Unauthorised recording of court or tribunal hearings is absolutely forbidden and, in the worst cases, perpetrators may well face jail. In one case, a woman who made a recording of Employment Tribunal (ET) proceedings and posted it online came within a whisker of hearing the clang of prison gates.
Following the ET hearing, she used Twitter to point listeners towards her website, where the recording remained publicly accessible for over three months. Her conduct prompted the Solicitor General to seek her committal to prison for contempt of court on the basis that she had interfered with the administration of justice.
Ruling on the matter, the High Court noted that the evidence that she had made the recording was overwhelming. It stopped short of finding that she knew when she recorded the hearing that she was prohibited from doing so. It noted, however, that a finding of contempt does not require proof of such knowledge.
The Court accepted that she made the recording because she genuinely considered herself to be at a disadvantage before the ET as an unrepresented litigant for whom English was a second language. She posted the recording because of her genuine sense that she had been wronged and that the ET had treated her unfairly.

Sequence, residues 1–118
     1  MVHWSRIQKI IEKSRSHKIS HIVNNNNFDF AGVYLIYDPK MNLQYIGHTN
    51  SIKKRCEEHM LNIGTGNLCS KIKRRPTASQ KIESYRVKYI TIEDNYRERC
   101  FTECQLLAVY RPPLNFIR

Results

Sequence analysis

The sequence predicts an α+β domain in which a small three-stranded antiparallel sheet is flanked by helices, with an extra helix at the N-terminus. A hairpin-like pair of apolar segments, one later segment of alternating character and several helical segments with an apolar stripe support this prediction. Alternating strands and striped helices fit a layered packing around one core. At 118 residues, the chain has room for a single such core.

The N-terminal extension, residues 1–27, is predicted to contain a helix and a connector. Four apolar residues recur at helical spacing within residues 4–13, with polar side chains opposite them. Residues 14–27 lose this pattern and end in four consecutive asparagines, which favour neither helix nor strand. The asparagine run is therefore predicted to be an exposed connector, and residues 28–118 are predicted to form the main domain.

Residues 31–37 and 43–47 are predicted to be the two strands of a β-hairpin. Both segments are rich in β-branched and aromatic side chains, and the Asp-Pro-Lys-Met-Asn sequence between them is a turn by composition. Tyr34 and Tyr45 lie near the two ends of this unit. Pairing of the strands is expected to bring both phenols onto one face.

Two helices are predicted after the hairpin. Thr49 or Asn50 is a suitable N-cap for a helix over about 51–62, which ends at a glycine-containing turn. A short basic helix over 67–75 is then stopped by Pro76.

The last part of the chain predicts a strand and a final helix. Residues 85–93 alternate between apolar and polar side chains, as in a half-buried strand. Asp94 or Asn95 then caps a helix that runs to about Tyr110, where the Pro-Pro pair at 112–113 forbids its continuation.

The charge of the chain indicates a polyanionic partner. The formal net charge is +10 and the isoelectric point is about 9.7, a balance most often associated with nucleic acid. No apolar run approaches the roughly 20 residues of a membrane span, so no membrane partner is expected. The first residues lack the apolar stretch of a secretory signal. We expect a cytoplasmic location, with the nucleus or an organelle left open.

She had, however, maintained the recording on her website even after it must have become obvious to her that its publication constituted a contempt. Her deliberate defiance of the ET over such a sustained period was so serious that only a term of three months’ imprisonment would suffice.
However, in suspending the term for a year, the Court noted that she suffers from anxiety. The recording had been taken down from the internet and there was no evidence that she had any intention of repeating her conduct. She was, however, warned that the sentence would be likely to be activated were she to commit any further acts of contempt. She was ordered to pay £8,591 in legal costs.